NEW DELHI: The week-long festival celebrating the best of documentary films – the Mumbai International Film Festival for short, documentary and animation films has commenced in Mumbai with a rare insight into the life during pre-independence India, and presentation of the V Shantaram Award.
Maharashtra Governor K N Sankaranarayanan who inaugurated the Festival appealed to filmmakers to lend their voice to raise the problems of disadvantaged through their films.
Information and Broadcasting Minister Bimal Julka, Festival Director V S Kundu who is Director-General of Films Division, and members of the national & international jury and several prominent filmmakers were present.
The veteran filmmaker on social issues Anand Patwardhan who has often raised contoversies through his films was honoured with the V Shantaram Life Time Achievement Award for his contribution to promotion of documentary films movement in India.
Patwardhan is an acclaimed documentary filmmaker known for his activism through social action documentaries on topics such as corruption, slum dwellers, nuclear arms race, citizen activism and communalism. His notable films include Bombay: Our City (Hamara Sahar) (1985), In the Name of God (Ram ke Nam) (1992), Father, Son and Holy War (Pitra, Putra aur Dharmayuddha) (1995), War and Peace (Jang aur Aman) (2002) and Jai Bhim Comrade (2011), which have won national and International awards. Jai Bhim Comrade had won the Best Film award at MIFF 2012.
In his acceptance speech, Patwardhan said, “My feelings are mixed. My films speak about the reality of the disadvantaged. They have raised several socially relevant issues, but the impact has been marginal. The issues I highlighted through my films sine 1980s continue to exist – rampant demolition of slums and uprooting of poor, communal violence, increasing crime against women, atrocities against the downtrodden, nuclear arms race etc, continue to remain as serious challenges”.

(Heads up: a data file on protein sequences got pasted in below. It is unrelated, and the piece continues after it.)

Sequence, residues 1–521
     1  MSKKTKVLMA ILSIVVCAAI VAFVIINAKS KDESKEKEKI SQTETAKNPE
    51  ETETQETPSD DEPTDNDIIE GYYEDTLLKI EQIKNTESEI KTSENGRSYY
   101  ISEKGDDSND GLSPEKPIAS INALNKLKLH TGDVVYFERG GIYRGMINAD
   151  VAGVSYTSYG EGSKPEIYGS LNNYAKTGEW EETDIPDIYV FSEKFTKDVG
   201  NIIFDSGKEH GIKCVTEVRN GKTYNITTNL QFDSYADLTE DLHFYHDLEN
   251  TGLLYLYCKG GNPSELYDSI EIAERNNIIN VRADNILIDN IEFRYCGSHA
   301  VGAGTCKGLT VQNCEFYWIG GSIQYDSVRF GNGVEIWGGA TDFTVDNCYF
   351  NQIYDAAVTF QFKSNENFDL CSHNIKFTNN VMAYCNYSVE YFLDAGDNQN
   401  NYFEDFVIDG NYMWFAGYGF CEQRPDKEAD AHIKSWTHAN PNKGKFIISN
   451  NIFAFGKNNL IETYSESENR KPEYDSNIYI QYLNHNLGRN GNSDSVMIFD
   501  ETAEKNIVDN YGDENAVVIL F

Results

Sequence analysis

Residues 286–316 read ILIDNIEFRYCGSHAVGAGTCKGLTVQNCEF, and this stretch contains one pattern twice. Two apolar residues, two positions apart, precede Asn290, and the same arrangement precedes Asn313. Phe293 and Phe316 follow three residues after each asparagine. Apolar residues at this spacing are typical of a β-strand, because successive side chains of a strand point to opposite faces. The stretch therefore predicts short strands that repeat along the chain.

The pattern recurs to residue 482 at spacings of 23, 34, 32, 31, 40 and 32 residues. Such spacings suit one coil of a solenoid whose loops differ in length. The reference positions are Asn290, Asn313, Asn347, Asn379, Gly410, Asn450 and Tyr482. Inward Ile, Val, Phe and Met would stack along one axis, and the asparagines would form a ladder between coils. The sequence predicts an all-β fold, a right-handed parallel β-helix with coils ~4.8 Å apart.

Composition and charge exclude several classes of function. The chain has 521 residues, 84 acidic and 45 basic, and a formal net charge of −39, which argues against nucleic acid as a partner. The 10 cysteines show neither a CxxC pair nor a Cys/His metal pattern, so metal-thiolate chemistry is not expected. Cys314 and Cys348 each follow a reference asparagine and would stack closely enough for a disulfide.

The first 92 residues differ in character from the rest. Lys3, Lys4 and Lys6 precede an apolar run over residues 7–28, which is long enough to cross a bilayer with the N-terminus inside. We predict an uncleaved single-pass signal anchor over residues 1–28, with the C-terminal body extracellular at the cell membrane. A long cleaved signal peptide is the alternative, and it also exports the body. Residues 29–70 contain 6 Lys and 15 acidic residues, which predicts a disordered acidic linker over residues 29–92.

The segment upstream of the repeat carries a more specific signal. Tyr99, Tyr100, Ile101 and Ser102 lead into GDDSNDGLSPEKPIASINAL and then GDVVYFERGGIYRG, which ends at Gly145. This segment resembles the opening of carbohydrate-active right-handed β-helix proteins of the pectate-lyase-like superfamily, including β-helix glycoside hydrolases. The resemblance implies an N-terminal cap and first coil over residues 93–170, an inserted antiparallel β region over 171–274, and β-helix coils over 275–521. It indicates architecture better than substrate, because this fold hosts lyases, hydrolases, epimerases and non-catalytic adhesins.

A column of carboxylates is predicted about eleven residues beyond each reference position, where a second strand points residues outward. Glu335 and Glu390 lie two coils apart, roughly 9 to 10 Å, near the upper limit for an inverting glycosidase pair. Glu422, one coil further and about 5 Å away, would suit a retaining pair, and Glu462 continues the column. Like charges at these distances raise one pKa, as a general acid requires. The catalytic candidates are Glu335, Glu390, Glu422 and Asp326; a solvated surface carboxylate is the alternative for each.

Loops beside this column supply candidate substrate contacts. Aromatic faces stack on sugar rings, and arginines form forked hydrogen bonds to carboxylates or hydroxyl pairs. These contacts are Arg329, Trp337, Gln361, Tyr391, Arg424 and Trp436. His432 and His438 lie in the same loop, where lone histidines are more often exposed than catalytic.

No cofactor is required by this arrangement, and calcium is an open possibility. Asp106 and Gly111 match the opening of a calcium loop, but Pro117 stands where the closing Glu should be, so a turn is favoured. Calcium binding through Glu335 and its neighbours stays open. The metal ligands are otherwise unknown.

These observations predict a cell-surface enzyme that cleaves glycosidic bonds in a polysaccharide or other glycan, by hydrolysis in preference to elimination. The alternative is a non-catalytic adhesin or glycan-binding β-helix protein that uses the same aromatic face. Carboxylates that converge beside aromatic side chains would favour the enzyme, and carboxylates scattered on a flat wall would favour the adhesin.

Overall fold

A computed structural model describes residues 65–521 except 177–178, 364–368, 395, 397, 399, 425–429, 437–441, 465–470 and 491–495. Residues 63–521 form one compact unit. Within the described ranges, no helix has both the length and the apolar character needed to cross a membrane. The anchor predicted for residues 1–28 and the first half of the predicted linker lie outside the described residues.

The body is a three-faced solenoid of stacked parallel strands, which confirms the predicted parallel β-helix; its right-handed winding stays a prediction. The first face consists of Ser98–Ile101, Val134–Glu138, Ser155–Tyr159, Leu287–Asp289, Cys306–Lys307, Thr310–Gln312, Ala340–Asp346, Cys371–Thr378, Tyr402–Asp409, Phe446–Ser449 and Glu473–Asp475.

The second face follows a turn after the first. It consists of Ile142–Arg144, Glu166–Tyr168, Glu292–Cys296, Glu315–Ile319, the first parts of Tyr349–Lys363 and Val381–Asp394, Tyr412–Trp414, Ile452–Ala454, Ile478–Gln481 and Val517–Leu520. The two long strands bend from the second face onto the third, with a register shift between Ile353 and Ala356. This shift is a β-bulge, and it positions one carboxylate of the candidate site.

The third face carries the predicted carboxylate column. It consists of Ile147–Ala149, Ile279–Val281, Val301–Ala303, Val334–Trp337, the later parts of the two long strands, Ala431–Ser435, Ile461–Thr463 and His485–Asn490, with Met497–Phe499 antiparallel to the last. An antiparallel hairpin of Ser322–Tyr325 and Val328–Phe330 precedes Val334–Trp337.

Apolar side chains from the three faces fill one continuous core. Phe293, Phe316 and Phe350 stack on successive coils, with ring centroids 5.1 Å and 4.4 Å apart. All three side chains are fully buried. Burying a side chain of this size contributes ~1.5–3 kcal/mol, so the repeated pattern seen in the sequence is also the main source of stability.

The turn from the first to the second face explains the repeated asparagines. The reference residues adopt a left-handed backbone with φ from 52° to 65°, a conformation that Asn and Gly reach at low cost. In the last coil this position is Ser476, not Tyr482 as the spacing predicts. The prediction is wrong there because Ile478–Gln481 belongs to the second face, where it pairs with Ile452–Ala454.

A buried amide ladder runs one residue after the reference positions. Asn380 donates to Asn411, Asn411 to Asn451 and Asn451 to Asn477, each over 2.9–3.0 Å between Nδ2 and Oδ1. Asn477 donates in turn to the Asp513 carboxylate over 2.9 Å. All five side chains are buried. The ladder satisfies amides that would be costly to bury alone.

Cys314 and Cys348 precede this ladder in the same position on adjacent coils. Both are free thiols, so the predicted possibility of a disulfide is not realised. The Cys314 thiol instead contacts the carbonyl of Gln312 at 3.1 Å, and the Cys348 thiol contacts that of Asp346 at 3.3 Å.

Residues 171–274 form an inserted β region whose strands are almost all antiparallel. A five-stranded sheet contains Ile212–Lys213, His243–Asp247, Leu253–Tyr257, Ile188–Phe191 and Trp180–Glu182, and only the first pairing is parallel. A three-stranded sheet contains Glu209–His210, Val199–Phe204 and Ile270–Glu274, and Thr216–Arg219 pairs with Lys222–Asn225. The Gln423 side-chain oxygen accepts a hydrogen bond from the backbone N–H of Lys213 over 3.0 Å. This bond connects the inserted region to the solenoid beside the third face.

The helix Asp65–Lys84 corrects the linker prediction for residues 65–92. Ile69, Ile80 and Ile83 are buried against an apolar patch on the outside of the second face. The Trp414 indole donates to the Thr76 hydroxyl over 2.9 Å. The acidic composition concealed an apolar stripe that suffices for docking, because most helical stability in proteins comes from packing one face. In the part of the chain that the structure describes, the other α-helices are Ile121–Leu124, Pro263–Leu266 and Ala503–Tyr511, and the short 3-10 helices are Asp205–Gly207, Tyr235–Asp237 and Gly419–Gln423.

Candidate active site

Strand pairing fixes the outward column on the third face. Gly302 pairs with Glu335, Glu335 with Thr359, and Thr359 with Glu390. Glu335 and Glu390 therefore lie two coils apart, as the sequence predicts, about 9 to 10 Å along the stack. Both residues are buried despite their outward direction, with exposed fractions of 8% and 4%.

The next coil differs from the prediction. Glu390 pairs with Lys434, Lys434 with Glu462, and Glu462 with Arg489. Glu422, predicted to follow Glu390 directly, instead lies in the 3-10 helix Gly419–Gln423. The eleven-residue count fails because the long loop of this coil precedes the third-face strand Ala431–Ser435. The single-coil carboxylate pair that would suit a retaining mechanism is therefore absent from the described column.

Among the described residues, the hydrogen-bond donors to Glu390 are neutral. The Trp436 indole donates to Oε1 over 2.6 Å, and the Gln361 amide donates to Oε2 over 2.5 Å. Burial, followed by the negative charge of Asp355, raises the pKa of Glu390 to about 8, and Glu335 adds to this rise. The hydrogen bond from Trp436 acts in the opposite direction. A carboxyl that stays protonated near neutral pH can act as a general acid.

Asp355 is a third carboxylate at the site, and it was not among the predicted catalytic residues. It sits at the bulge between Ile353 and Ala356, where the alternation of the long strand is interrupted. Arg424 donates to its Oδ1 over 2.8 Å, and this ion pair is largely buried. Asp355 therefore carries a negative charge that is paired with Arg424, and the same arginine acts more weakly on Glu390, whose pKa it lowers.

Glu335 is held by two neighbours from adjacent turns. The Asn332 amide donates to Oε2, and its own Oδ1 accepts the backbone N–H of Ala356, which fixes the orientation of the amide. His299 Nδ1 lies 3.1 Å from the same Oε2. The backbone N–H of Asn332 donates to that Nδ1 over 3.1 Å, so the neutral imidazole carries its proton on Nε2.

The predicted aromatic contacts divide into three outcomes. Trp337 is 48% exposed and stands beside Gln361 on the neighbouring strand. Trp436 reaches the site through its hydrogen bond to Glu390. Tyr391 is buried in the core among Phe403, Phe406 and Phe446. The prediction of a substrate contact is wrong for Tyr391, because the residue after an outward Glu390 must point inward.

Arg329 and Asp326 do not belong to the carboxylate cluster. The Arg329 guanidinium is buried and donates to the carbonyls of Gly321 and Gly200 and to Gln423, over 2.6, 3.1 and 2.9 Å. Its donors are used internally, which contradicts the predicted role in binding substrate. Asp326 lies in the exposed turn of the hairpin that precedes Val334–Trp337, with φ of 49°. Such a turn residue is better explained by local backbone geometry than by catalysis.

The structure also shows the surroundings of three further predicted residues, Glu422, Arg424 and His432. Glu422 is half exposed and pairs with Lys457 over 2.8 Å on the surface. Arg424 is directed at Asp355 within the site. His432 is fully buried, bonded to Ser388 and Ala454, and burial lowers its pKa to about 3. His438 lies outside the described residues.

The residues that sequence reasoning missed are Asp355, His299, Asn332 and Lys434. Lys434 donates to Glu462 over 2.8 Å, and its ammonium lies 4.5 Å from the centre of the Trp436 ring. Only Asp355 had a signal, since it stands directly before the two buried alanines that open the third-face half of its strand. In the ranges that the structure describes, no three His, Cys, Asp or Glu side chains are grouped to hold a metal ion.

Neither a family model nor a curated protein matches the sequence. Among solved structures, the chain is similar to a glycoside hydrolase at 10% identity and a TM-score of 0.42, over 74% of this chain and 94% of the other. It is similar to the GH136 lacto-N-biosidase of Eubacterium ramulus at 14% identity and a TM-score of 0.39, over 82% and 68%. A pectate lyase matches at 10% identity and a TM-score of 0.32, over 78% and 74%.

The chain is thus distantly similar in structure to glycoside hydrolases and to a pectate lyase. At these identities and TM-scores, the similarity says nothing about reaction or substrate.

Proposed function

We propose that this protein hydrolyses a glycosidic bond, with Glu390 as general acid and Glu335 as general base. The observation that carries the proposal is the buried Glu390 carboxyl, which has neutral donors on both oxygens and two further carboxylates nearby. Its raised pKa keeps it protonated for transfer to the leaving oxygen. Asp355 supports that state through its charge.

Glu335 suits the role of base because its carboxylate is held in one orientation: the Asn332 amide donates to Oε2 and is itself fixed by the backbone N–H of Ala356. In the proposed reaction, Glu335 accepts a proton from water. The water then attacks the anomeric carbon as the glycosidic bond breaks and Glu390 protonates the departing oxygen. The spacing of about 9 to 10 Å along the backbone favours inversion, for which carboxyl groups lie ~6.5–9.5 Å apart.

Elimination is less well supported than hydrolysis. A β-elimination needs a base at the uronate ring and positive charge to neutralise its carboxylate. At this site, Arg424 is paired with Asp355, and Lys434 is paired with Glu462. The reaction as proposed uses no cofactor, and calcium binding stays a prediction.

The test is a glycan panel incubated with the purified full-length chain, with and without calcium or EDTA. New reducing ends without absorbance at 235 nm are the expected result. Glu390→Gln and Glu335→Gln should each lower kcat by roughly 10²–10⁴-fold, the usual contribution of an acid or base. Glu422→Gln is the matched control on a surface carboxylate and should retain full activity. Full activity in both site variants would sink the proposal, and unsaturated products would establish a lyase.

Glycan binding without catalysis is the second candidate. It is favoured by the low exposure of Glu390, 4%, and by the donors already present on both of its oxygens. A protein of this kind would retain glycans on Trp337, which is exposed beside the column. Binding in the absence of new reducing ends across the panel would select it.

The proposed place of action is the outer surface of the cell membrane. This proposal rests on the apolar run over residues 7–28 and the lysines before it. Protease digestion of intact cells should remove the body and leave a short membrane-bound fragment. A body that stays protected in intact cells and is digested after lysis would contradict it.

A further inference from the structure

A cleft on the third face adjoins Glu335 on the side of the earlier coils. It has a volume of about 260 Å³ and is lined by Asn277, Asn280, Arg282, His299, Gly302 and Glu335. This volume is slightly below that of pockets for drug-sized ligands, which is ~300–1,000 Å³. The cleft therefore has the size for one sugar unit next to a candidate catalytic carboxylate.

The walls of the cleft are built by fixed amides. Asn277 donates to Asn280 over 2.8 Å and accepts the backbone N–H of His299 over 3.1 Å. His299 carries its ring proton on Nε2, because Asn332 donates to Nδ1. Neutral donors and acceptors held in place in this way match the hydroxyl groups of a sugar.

The V Shantaram Award carries a cash prize of Rs 5 lakh and a citation.
The opening film - the 86-minute package curated by the British Film Institute National Archive Before Midnight: a Portrait of India on Film, 1899-1947, is a collection of home movies, documentaries , dramas and comedies exploring how life was lived in British India. It has over 100 short films covering topics ranging from temples to tigers.
The Maharajah of Jodhpur’s home movies provide an epic portrait of princely power in the 1930s and 40s, whilst those of the Gorrie family offer an intimate picture of family life and their expeditions into the Himalaya. The collection also features the films and TV dramas that helped to shape the mythologies of British India including The Drum (1938), The North West Frontier (1959) and The Far Pavilions (1984).
Another highlight of the opening ceremony was the screening of short film titled ‘Checkmate BB’ produced by Mumbai School kids. Seventeen kids from 13 schools were trained to conceptualise, direct, shoot and edit a film of their own at a workshop conducted by by the Linnep Media and CineKids, Amsterdam, as part of the fortnight-long Linnep Kids Film Festival, that was held in 15 schools of Mumbai, Navi Mumbai and Thane, as a run up to MIFF 2014.
The Indian Navy’s ceremonial Naval band and Bangalore’s noted music group Mystic Vibes also enthralled the audience at the inaugural ceremony.
The 13th MIFF being held from 3 Feb to 9 Feb at NCPA (Tata Centre) at Nariman Point received over 790 entries including 205 entries in the international section. This biennial film festival organised by the Films Division of the Information and Broadcasting Ministry is held in collaboration with the state Government of Maharashtra and the Indian Documentary Producers Association.